Since the UW Foster School of Business Center for Innovation and Entrepreneurship (CIE) launched the Business Plan Competition in early 1998, 891 student teams have gone for the gold. And 95 of those teams divvied up nearly $1.1 million in prize money. Launching companies out of a competition is relatively easy. But what was their impact on job creation on the Washington state economy?
In May 2011, CIE undertook a brief survey of 38 companies that had launched as a result of the competition and were still in business. 28 of the 38 companies responded to the survey: 15 consumer product/retail companies, 5 tech firms, 4 life-science companies and 4 in clean technology. Combined, these companies employed 640 people, with 220 of them earning more than $75,000 a year.
Among the additional findings:
- More than $60 million in venture capital has been raised (17 companies raised $250,000+ and 12 raised $500,000+). 8 companies chose to bootstrap.
- $92.7 million in anticipated revenues for 2011 (with 13 projecting more than $1 million).
- 3 companies made it on the 2010 Inc 500 list of fastest-growing private companies.
Responders’ thoughts captured the intangible value of the Business Plan Competition:
“I like to tell people that I was a PhD student in mechanical engineering,” said one founder, in his comments about the event, “but I got an MBA from the UW Business Plan Competition. Because honestly, I’m not sure what else I could learn from business school that I didn’t learn from the competition. None of this [success] would have been possible without CIE and the UW Business Plan Competition. Because of the competition we were able to make a lot of our mistakes before they counted and could derail our business.”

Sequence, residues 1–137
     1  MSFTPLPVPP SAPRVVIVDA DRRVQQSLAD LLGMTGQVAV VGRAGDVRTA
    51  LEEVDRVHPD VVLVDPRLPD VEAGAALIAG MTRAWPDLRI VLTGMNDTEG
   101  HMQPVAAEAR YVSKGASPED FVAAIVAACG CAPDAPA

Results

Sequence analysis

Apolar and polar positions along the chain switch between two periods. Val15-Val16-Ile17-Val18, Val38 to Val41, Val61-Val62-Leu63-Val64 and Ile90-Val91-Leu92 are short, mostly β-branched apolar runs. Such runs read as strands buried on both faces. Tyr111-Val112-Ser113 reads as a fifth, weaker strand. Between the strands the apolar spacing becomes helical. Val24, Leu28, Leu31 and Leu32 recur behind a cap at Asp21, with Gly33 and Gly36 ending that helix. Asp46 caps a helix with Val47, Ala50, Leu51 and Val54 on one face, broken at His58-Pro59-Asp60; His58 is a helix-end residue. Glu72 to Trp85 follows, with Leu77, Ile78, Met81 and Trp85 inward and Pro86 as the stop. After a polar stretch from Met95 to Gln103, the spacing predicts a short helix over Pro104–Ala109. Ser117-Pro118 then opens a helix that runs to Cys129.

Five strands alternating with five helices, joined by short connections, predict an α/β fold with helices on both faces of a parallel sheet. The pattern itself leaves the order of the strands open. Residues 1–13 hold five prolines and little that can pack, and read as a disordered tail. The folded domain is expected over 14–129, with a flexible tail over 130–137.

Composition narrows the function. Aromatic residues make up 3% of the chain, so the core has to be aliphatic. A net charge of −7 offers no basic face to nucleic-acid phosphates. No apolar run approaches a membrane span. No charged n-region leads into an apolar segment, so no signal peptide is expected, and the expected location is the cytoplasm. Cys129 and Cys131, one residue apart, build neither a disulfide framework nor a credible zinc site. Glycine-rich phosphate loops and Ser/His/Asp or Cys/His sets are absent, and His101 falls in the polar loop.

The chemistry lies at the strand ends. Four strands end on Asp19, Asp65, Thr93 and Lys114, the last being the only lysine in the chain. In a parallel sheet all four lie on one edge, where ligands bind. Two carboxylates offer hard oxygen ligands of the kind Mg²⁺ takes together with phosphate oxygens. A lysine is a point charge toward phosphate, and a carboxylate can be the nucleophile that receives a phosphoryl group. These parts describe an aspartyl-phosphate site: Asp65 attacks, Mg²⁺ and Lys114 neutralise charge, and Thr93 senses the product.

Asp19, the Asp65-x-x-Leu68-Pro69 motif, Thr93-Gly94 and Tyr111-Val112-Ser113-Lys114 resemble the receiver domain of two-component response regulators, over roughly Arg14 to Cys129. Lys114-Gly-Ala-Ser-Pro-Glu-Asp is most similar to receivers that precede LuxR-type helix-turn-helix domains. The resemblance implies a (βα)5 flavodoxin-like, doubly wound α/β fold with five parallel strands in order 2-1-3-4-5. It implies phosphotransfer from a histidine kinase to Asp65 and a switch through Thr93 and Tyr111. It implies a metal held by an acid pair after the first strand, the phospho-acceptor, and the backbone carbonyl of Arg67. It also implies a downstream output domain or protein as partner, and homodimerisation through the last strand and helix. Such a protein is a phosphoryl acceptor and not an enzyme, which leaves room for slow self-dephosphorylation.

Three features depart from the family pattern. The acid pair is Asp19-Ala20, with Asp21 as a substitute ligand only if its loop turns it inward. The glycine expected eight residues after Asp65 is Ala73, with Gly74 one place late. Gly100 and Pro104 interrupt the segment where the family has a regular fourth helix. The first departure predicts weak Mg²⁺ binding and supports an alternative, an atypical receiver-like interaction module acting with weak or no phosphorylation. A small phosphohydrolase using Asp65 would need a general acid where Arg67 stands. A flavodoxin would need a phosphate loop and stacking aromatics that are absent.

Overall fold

“Believe it or not, we went through the fire of the investment round three times,” said another, “and got asked all of the tough questions. So when it was time to do it for real, we were grizzled veterans of the process. If it weren’t for all we got from the Business Plan Competition, we would have never gotten off of the ground and I would probably be working for someone else’s start-up in Minneapolis or the Bay Area. Instead, I have people working for me here in Seattle. CIE helps make dreams come true.”